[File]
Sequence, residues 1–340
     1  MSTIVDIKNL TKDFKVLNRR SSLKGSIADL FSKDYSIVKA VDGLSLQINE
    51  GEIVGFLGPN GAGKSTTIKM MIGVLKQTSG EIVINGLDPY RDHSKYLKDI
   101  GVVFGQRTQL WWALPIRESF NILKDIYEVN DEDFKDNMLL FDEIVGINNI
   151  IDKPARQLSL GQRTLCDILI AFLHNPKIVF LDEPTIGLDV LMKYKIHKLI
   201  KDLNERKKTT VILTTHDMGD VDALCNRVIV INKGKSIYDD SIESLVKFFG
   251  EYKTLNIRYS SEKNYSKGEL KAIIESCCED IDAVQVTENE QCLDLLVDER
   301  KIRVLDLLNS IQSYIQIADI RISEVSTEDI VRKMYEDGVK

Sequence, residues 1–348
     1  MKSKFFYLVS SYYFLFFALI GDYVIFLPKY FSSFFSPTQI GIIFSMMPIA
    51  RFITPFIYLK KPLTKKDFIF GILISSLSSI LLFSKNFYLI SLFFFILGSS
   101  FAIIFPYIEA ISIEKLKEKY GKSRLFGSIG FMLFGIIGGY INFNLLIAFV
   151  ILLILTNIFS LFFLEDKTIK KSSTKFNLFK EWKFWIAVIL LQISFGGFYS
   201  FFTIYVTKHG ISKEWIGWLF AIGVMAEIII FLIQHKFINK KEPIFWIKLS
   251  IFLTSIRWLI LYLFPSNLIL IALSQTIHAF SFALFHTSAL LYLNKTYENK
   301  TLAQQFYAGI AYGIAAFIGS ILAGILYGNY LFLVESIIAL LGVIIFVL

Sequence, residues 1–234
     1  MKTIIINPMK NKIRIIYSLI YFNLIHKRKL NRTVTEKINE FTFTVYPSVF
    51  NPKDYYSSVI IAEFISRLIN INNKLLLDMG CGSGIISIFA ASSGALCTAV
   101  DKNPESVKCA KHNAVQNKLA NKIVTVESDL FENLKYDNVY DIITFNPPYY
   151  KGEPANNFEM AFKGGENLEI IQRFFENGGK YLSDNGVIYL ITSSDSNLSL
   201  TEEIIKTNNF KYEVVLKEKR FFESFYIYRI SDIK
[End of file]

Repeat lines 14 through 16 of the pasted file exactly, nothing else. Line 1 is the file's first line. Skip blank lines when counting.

   201  FFTIYVTKHG ISKEWIGWLF AIGVMAEIII FLIQHKFINK KEPIFWIKLS
   251  IFLTSIRWLI LYLFPSNLIL IALSQTIHAF SFALFHTSAL LYLNKTYENK
   301  TLAQQFYAGI AYGIAAFIGS ILAGILYGNY LFLVESIIAL LGVIIFVL